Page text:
1919: Boston, Massachusetts is the site of the Great Molasses Flood. The Purity Distilling Company, a subsidiary of United States Industrial Alcohol Company, was located at 529 Commercial Street in Boston’s North End. They used large tanks (50 feet tall and 240 feet in circumference) which held as much as 2.3 million gallons of molasses. Molasses can be fermented to produce rum and ethanol, the active ingredient in alcoholic beverages. It is also a major part of producing ammunition. Winter in Boston is cold and it had been freezing for quite some time. However, on this date, the temperature rose rapidly to over ⁰F 40 and around 12.30 PM the fermenting goo suddenly expanded enough to start popping the rivets on the vat. There was a preceding growl, a noise like a thunderclap, and then pops like a machine-gun being fired as the rivets popped.
With about 2.3 million gallons of molasses now free, a wave reached a peak of 25 feet and moved as fast as 35 mph as it left the building. The Boston Elevated Railway at Atlantic Avenue had the girders buckled by the force of the wave and a train was momentarily tipped off the tracks. Many of the nearby buildings were wrenched from their foundations and crushed under the weight of the advancing molasses. The tide moved on and for several blocks, all open spaces were flooded with 2-3 feet of the sticky mess. Some people were picked up and swept along on the wave. Some were hurled into the air. Others were pelted with debris as it was moved by air currents in advance of the wave itself. The force was strong enough to pick up a truck and throw it into Boston Harbor.
There were about 150 people injured and 21 were killed. The dead ranged in ages from 10 to 76 with six of the dead from the North End Paving Yard. Many animals were also injured and several horses, still used for transportation, were killed. Some of the deaths were by crushing under the weight of the substance; some drowned in the sticky mess. In the days that followed, many of those near the wave were victims of coughing fits. The first to arrive on the scene were 16 cadets from the USS Nantucket, a training ship at the Massachusetts Nautical School. Under the leadership of Lt. Com. Copeland, the cadets ran to help and were tasked with keeping the curious out of the way of rescue workers. They also entered into the knee-deep goo to help where needed. The viscosity of the molasses made rescue efforts even more difficult.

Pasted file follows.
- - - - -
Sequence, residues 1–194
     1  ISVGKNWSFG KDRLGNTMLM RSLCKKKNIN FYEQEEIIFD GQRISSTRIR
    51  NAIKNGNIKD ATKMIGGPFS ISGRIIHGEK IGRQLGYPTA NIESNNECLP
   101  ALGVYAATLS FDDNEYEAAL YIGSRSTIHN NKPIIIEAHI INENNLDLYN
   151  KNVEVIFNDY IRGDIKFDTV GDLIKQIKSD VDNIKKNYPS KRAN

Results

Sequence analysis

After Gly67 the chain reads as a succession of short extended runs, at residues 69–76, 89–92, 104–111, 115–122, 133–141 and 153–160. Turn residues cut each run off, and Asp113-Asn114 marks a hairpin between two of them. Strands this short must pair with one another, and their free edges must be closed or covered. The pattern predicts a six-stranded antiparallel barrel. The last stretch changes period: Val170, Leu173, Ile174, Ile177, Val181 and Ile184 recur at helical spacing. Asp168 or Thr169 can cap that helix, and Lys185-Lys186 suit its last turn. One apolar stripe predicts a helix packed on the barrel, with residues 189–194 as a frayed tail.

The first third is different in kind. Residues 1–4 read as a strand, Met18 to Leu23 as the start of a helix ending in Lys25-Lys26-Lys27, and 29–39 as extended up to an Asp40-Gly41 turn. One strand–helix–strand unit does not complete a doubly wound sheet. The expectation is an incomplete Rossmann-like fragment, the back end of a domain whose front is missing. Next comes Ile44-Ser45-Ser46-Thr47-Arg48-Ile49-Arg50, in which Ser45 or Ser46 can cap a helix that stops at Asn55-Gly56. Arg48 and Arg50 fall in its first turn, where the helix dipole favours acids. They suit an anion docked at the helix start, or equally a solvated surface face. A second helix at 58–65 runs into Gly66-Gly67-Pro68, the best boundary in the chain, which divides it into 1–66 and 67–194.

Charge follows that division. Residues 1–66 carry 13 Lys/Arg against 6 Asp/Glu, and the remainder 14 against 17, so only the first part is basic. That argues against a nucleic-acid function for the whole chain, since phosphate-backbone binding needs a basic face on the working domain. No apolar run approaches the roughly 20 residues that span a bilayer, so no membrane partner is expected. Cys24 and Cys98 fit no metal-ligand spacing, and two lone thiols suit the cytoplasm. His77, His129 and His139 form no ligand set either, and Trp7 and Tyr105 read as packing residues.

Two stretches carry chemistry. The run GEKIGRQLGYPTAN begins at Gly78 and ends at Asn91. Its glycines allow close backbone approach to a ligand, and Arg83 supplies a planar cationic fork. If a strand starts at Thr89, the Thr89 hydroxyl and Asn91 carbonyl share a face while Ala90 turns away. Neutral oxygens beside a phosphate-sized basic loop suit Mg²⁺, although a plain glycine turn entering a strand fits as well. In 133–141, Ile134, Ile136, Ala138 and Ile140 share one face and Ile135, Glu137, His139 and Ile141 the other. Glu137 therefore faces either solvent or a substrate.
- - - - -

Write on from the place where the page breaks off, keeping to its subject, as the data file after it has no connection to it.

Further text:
Cleanup was horrific and more than 300 people worked for weeks on the initial cleaning. First salt water from fireboats was sprayed over the molasses and then sand was used to try to absorb the mess. It was washed into the harbor which remained brown until summer. While this initial work cleared the streets, it took much longer for the rest of Boston to recover. People had tracked the sticky mess over a much larger area – streetcars, subway platforms, pay telephone handsets, homes throughout the region. All over Boston, this sticky substance had to be cleaned and it was said that for years afterwards, on hot days, the city still smelled sickly sweet.
Molasses, waist deep, covered the street and swirled and bubbled about the wreckage … Here and there struggled a form—whether it was animal or human being was impossible to tell. – Boston Post
Only an upheaval, a thrashing about in the sticky mass, showed where any life was … Horses died like so many flies on sticky fly-paper. The more they struggled, the deeper in the mess they were ensnared. Human beings—men and women—suffered likewise. – Boston Post
Anthony di Stasio, walking homeward with his sisters from the Michelangelo School, was picked up by the wave and carried, tumbling on its crest, almost as though he were surfing. Then he grounded and the molasses rolled him like a pebble as the wave diminished. – an article in Smithsonian
He heard his mother call his name and couldn’t answer, his throat was so clogged with the smothering goo. He passed out, then opened his eyes to find three of his four sisters staring at him. – an article in Smithsonian